Christians talk in code … and the code excludes those who cannot read the secret language. These words of Malcom Doney and Martin Wrote, in a 2019 Church Times article, reflect a common discomfort with religious code talk, what some people call "church-speak" or "Christianese." Language like “sin”, “salvation”, “discipleship”, “repentance”, “righteousness”, and “judgement” – … Continue reading Complex and Cringeworthy: Christianese and other religious jargon
Some of my research on religious language has taken me into the rather tricky area of First Amendment rights granted to certain employers by the Supreme Court on the grounds of freedom of religious expression. These employers, granted the status of religious order, are given by law exceptions to the principle of equality in the … Continue reading “Not teachable or cooperative:” Ministerial exception in Cru’s Hire Packet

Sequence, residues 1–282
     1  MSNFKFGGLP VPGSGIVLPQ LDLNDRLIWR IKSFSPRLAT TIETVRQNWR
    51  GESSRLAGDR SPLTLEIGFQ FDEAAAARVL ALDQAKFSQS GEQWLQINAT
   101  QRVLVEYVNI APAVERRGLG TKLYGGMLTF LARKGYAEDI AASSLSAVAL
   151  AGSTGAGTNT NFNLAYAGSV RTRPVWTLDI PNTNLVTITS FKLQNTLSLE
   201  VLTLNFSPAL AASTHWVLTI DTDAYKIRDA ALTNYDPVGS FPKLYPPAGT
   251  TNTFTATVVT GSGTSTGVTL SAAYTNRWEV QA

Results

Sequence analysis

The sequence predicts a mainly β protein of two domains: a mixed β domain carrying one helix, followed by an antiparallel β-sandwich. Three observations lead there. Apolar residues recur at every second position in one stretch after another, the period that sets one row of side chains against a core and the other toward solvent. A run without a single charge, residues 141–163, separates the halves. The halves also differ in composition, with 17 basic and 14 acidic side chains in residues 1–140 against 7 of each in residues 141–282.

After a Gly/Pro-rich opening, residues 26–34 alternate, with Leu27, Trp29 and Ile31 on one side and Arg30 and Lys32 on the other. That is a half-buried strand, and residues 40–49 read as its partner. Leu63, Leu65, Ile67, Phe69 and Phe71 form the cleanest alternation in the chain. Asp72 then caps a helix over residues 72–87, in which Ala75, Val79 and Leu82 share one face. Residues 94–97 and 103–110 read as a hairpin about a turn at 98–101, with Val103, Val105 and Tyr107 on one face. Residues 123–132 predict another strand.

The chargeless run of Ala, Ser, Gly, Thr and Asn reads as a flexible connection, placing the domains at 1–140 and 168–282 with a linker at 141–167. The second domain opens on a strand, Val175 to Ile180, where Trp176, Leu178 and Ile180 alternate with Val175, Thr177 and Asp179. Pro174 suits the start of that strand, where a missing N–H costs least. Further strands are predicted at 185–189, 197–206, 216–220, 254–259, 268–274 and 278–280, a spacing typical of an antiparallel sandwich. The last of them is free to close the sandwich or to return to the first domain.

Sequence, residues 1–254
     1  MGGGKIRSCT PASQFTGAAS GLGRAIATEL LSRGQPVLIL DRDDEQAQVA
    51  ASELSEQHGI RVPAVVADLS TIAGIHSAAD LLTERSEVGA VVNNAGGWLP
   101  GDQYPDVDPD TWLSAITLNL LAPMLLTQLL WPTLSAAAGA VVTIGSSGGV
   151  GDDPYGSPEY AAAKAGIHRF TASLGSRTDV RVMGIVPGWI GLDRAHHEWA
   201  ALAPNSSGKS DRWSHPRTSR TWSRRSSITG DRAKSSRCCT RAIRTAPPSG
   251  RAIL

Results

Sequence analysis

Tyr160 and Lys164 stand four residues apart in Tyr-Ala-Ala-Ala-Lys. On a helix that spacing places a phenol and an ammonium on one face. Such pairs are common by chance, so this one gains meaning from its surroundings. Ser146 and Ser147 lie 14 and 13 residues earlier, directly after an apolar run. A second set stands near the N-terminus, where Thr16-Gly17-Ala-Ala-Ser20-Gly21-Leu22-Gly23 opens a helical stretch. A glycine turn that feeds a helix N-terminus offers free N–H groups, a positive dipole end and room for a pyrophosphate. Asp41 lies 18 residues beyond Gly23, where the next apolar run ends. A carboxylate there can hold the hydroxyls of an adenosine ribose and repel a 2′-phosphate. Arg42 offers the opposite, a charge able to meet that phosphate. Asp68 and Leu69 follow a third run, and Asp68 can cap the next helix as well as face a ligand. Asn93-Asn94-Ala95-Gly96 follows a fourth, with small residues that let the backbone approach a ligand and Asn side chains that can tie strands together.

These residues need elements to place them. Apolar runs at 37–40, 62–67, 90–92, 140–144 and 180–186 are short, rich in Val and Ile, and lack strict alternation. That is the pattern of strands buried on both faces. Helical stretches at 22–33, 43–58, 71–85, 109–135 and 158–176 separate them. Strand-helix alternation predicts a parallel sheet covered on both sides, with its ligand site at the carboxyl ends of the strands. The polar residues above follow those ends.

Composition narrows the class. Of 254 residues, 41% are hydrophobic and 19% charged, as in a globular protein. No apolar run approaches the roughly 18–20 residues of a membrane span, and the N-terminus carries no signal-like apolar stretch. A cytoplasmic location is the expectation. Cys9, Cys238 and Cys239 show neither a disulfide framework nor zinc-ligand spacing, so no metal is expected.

This is my second post on the recent Campus Crusade aka Cru anti-CRT publication, written by around 65 Cru staff members and leaders, representing the views of at least 350 Cru staff. I first came across this Cru document after some light digging revealed that Cru leaders were requiring staff to sign NDAs, sometimes in … Continue reading “Simply biblical”: The sacred us vs. them narrative in Cru’s anti-CRT publication
This post forms part of a catalogue I am building on the subtle language of abuse. In this installment, I consider a common discursive strategy within texts that carry religious meaning: the invocation of sacred legitimating authority and, conversely, distancing from an illegitimate (often formerly sacred) authority. This strategy often works within an overall us vs. them narrative. To illustrate this, I use a set of prominent church leaders' responses to the recent thirtyone:eight report on Rev. Jonathan Fletcher's abuse while he was vicar at Emmanuel Church Wimbledon.